September 15, 2015

Analyzing infrastructure procurement difficulties is more important than opening another public vs. private debate

Sir, it is hard to follow Keith Burnett’s, the vice-chancellor of the University of Sheffield’s logic, as expressed in his “Free markets are a flawed way to plan and fund infrastructure” September 15.

On one hand he mentions free markets cannot deliver essential infrastructure, but on the other he explains this with “lobby groups have the power to halt essential schemes. The result is a tendency to delay procurement of desperately needed infrastructure projects.” If lobby groups have such powers, are we really talking about free markets? “No!” must be the answer. And by the way, who allow themselves most to be influenced by lobbying groups?

And Burnett adds to the confusion by stating “Long-range planning has been replaced by the short-termism that typifies the markets”. I have no idea were he gets to state as a fact that short-termism typifies markets but, if its only to argue that governments are better at taking the long view, he needs to be reminded of the fact that very short term political interests unfortunately drives too much of most governments actions.

There might indeed be many needs for governments having to intervene in infrastructure projects… but if these projects are urgent and not getting due attention or being extremely inefficiently developed, the causes might very well reside in other factors that affect governments and private sector alike.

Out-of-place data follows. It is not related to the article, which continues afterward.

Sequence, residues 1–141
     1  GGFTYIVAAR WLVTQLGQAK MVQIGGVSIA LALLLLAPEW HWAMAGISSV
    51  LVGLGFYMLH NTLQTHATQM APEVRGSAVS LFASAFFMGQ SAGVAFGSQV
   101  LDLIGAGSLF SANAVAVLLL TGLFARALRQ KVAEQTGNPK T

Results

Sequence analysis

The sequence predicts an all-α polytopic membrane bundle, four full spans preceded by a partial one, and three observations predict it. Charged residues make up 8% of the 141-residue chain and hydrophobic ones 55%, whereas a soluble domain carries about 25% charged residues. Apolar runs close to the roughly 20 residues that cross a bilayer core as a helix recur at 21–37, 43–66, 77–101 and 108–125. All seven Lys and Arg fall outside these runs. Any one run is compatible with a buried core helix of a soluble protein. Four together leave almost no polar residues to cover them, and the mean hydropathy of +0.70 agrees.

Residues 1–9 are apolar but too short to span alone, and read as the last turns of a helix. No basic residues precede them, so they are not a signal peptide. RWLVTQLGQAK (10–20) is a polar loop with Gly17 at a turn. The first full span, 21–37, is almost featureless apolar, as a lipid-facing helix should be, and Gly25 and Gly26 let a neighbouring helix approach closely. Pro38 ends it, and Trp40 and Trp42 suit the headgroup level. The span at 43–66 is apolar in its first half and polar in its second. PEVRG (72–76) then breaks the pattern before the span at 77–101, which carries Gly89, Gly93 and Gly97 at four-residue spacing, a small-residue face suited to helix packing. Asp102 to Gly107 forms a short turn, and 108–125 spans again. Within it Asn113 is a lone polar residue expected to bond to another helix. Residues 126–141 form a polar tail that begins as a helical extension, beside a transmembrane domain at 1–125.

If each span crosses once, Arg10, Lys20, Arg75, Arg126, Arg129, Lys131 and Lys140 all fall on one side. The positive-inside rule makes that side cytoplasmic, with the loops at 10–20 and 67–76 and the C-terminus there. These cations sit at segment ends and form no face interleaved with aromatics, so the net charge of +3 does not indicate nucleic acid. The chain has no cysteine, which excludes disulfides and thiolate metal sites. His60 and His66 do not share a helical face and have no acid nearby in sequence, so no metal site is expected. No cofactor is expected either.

For instance when I see the slow pace of so many infrastructure projects in the US I always scratch my head and ask myself… is this the same country that in 1940-45 was able to create almost from scratch an incredible war machinery?

Arthur Herman, the author of “Freedom's forge” of 2012, a book that describes how that war machine was built, was asked by Mark Thompson during a discussion of the book: “What’s the most important lesson from World War II for today’s military-industrial complex?”

Herman’s answer: “More military and industry, and less complexity!

Today we have a military-acquisition system that’s way too expensive, way too slow, too bureaucratic, and highly unproductive. There’s a lot today’s Pentagon could learn from their 1940-1945 predecessors.”

In the same way I believe Professor Burnett, though he began doing so, should delve much deeper into the whole problematic of infrastructure procurement. That should prove more useful for all of us, than just opening another private vs. public debate.